If the BBB undergoes a transient disruption during migraine, it remains unclear whether this disruption is clinically meaningful or provides new opportunities to time treatment. The introduction of monoclonal antibodies for migraine may inspire the research needed to resolve this question.

Dr. Ashina has financial relationships with Alder BioPharmaceuticals, Allergan, Amgen, Eli Lilly, Novartis, and Teva. Dr. Ayata has no financial relationships relevant to this topic.

—Ted Bosworth

Suggested Reading

Amin FM, Asghar MS, Hougaard A, et al. Magnetic resonance angiography of intracranial and extracranial arteries in patients with spontaneous migraine without aura: a cross-sectional study. Lancet Neurol. 2013;12(5):454-461.

Amin FM, Hougaard A, Cramer SP, et al. Intact blood-brain barrier during spontaneous attacks of migraine without aura: a 3T DCE-MRI study. Eur J Neurol. 2017;24(9):1116-1124.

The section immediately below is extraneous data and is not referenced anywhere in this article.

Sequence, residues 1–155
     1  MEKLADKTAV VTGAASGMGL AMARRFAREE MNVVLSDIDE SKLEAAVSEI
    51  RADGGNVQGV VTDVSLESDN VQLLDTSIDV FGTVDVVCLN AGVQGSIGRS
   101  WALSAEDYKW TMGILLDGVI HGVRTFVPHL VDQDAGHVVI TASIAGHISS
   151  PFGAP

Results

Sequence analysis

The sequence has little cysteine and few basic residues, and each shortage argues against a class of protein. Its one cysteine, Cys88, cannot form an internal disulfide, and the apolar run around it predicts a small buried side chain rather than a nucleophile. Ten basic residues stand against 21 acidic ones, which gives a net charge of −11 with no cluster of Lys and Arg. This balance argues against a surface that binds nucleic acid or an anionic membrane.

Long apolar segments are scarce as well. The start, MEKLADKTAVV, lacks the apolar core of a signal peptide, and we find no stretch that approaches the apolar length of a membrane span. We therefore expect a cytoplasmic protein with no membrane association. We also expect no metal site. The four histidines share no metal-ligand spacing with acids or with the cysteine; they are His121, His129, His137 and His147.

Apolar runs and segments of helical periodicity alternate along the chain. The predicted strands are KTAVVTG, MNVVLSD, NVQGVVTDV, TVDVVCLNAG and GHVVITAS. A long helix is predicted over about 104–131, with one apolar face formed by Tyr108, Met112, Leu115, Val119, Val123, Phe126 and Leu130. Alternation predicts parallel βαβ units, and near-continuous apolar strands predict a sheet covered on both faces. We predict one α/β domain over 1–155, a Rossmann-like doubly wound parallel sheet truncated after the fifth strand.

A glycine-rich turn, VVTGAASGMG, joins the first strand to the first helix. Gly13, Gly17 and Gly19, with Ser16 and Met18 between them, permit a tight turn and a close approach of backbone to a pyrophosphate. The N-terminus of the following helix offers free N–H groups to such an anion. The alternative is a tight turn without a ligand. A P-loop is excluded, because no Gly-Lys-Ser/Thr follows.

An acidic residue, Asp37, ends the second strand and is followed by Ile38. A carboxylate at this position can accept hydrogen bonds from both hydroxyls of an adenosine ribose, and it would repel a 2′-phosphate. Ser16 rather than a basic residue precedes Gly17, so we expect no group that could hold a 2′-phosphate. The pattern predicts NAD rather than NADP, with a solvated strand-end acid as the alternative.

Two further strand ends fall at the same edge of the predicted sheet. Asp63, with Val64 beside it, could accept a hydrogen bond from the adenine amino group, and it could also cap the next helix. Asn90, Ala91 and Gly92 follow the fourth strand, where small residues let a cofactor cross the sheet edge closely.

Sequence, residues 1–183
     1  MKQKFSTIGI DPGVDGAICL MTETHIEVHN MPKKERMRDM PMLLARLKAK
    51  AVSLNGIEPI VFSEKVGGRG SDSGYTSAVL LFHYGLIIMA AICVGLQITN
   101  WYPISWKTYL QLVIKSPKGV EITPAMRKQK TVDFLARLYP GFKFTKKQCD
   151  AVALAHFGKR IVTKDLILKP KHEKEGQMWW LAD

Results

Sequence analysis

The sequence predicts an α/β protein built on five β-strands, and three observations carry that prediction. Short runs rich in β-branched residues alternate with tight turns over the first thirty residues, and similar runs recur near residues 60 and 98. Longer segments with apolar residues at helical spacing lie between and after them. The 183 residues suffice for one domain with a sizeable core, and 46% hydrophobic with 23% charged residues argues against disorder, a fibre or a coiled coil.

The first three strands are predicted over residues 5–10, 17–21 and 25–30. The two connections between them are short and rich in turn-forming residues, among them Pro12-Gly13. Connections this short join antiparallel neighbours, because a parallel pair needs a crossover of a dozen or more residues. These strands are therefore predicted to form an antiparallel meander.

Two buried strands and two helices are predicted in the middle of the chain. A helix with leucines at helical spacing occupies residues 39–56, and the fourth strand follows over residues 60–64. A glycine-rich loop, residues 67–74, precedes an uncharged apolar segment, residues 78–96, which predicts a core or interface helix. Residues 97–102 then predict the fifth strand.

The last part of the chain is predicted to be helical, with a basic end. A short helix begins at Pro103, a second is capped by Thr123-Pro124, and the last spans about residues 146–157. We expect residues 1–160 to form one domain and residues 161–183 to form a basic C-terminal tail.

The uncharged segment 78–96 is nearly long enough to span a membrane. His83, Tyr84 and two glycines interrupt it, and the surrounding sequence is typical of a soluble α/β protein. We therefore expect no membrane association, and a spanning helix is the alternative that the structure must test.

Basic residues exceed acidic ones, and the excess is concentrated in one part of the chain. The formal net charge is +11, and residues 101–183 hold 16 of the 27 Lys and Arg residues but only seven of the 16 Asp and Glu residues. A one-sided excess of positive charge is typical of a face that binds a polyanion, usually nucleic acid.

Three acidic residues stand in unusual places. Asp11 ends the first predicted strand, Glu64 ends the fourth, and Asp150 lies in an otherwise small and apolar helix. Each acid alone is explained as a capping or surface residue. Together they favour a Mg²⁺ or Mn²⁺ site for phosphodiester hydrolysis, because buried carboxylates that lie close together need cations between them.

Ashina M, Tvedskov JF, Lipka K, et al. Matrix metalloproteinases during and outside of migraine attacks without aura. Cephalalgia. 2010;30(3):303-310.

Ayata C, Lauritzen M. Spreading depression, spreading depolarizations, and the cerebral vasculature. Physiol Rev. 2015;95(3):953-993.

Hougaard A, Amin FM, Christensen CE, et al. Increased brainstem perfusion, but no blood-brain barrier disruption, during attacks of migraine with aura. Brain. 2017;140(6):1633-1642.

Olesen J, Larsen B, Lauritzen M. Focal hyperemia followed by spreading oligemia and impaired activation of rCBF in classic migraine. Ann Neurol. 1981;9(4):344-352.